NORTH EDWARDS, Calif. — A Scripture citation written on a retaining wall at a public school in California has been painted over following receipt of a complaint from one of the nation’s most conspicuous professing atheist organizations.
The Wisconsin-based Freedom From Religion Foundation (FFRF) had submitted the letter to the Muroc Joint Unified School District, northeast of Los Angeles, in February, outlining that a “concerned parent” had alerted the organization last summer that “Hebrews 13:20-21” was written on the cement block wall near the main office of Desert Junior-Senior High School.
“The district violates the Constitution when it allows its schools to display religious symbols or messages. Public schools may not advance, prefer or promote religion,” the correspondence read. “This display violates this basic constitutional prohibition by creating the appearance that the district prefers religion over non-religion and Christianity over all faiths.”
“The display alienates those non-religious students, families, teachers and members of the public whose religious beliefs are inconsistent with the message being promoted by the school,” it also asserted, stating that religion is “divisive.”
FFRF requested that the school district remove the Scripture and advise the organization what steps it would take to ensure that religious messages are not posted at the school again.
On Friday, FFRF announced in a press release that Superintendent Kevin Cordes had responded in writing to assure the Church-State separation group that the Bible verse had been erased.
“[T]he district has removed the Bible verse painted on the retaining wall at Desert Junior-Senior High School,” he simply wrote, enclosing before and after photographs.
FFRF cheered the development, asserting that “[t]he illustration of a Bible verse on school property undeniably paints the picture that the school endorses that religious message.”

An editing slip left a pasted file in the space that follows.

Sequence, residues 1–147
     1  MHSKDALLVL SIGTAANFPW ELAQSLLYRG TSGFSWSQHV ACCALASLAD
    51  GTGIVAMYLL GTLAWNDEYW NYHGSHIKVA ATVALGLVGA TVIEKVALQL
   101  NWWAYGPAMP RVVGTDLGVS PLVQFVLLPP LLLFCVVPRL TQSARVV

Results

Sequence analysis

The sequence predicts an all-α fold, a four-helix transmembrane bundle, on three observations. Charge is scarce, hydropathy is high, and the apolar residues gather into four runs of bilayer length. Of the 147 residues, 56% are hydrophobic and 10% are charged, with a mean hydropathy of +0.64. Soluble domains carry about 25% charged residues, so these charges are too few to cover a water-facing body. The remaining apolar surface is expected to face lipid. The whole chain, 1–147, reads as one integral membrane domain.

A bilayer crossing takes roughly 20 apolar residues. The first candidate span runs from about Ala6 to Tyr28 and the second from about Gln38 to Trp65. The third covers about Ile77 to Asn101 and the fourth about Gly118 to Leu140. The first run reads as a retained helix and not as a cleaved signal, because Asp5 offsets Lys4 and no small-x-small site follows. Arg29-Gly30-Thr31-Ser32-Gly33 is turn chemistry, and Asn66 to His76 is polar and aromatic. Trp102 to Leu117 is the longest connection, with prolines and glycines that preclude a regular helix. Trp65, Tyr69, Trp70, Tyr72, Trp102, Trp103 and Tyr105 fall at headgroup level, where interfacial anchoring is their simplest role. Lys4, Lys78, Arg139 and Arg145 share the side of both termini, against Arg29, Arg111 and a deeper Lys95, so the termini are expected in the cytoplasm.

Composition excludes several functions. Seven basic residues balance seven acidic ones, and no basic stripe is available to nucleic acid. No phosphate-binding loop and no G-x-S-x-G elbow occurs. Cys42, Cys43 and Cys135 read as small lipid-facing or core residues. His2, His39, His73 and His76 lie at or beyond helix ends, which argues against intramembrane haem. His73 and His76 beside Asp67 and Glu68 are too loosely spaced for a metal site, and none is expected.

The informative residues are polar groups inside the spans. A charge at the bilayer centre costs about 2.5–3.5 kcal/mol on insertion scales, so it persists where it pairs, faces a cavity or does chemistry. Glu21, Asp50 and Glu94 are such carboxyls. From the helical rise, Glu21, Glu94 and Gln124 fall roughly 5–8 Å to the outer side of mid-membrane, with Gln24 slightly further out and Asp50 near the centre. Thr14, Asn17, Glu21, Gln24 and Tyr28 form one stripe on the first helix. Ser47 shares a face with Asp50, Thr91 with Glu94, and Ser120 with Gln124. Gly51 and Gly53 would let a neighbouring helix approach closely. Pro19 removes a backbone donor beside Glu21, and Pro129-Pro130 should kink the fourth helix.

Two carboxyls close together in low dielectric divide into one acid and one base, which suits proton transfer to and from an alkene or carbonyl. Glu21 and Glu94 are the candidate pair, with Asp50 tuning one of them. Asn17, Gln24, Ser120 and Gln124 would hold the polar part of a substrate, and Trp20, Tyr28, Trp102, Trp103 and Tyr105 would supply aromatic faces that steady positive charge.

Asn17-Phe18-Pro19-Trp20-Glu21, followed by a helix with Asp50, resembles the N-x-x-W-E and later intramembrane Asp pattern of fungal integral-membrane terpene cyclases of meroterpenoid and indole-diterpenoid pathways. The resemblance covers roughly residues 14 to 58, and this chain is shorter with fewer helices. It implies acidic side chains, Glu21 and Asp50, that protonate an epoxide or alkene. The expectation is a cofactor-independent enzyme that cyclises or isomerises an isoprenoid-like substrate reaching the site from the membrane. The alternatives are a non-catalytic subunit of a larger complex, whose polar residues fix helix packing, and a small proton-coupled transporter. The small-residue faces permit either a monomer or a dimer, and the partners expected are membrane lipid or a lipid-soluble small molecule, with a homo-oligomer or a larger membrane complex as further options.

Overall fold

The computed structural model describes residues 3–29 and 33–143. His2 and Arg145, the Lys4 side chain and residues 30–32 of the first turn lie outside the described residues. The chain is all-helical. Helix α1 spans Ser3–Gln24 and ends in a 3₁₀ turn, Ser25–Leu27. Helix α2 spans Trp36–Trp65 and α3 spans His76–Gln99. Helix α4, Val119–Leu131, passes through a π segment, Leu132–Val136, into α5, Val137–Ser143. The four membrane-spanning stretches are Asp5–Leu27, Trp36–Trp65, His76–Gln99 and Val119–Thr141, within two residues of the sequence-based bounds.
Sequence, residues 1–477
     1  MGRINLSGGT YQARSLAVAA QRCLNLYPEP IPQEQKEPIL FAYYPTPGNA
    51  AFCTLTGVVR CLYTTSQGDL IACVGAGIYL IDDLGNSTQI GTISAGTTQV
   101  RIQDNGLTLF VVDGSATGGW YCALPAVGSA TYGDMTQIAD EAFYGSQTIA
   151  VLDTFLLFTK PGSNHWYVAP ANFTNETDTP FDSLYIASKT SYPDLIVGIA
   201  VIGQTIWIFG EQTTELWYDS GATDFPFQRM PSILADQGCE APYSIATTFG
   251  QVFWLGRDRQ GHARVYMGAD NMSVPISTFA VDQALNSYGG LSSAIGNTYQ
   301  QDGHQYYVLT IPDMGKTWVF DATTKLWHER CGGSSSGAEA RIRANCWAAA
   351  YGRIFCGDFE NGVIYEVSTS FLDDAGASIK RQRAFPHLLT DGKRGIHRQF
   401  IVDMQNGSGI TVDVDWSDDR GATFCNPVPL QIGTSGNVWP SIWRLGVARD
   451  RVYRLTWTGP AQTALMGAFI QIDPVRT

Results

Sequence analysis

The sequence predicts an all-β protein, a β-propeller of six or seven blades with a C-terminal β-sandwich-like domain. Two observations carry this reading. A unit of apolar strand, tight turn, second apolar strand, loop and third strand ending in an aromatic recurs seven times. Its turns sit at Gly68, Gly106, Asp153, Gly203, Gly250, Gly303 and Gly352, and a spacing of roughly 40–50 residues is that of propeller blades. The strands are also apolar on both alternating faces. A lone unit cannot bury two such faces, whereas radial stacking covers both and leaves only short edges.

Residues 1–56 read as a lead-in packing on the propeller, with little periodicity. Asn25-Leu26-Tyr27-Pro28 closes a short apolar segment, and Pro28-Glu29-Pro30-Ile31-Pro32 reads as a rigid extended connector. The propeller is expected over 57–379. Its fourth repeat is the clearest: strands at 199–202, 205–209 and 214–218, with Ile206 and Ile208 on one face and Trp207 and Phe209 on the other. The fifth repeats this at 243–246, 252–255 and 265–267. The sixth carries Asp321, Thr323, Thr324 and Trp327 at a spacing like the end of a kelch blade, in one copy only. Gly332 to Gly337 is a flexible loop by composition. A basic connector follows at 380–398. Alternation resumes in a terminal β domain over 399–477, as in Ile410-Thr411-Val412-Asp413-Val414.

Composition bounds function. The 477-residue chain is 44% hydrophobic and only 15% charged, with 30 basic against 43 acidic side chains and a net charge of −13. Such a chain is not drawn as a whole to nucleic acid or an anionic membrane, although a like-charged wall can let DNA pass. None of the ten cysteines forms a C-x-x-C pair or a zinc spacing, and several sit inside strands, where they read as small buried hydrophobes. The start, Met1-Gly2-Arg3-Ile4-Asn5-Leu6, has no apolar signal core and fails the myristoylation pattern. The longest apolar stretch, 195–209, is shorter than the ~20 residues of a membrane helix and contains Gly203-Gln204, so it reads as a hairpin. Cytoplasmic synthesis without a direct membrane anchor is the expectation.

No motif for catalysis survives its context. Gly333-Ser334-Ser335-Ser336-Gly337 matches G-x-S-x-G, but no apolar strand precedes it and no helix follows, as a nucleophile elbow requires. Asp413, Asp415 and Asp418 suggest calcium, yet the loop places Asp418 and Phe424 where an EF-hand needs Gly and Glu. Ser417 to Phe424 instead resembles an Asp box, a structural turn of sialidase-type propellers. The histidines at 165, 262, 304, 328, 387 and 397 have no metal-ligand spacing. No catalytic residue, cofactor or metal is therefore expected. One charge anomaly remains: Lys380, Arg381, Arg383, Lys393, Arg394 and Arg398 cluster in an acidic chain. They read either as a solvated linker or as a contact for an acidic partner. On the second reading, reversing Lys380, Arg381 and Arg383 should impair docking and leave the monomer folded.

However, while some contend that the U.S. Constitution requires God and His word to be kept out of public schools, others point to the writings of the founders to dispute that such was the intent.
As previously reported, in 1828, just 41 years after the signing of the Constitution, Noah Webster, known as the Father of American Scholarship and Education, wrote, “In my view, the Christian religion is the most important and one of the first things in which all children, under a free government, ought to be instructed. … No truth is more evident to my mind than that the Christian religion must be the basis of any government intended to secure the rights and privileges of a free people.”
He also wrote in his publication “Letters to a Young Man Commencing His Education”:
“Let it then be the first study of your early years to learn in what consists real worth or dignity of character. To ascertain this important point, consider the character and attributes of the Supreme Being. As God is the only perfect being in the universe, His character, consisting of all that is good and great, must be the model of all human excellence, and His laws must of course be the only rules of conduct by which His rational creatures can reach any portion of like excellence.”
Dr. Benjamin Rush, a signer of the Declaration of Independence and vice-president of the Bible Society of Philadelphia, said in expressing his disagreement with deists who were opposed to using the Bible in schools:
“In contemplating the political institutions of the United States, I lament that we waste so much time and money in punishing crimes, and take so little pains to prevent them. We profess to be republicans, and yet we neglect the only means of establishing and perpetuating our republican forms of government, that is, the universal education of our youth in the principles of Christianity by means of the Bible, for this divine book, above all others, favors that equality among mankind, that respect for just laws, and all those sober and frugal virtues, which constitute the soul of republicanism.”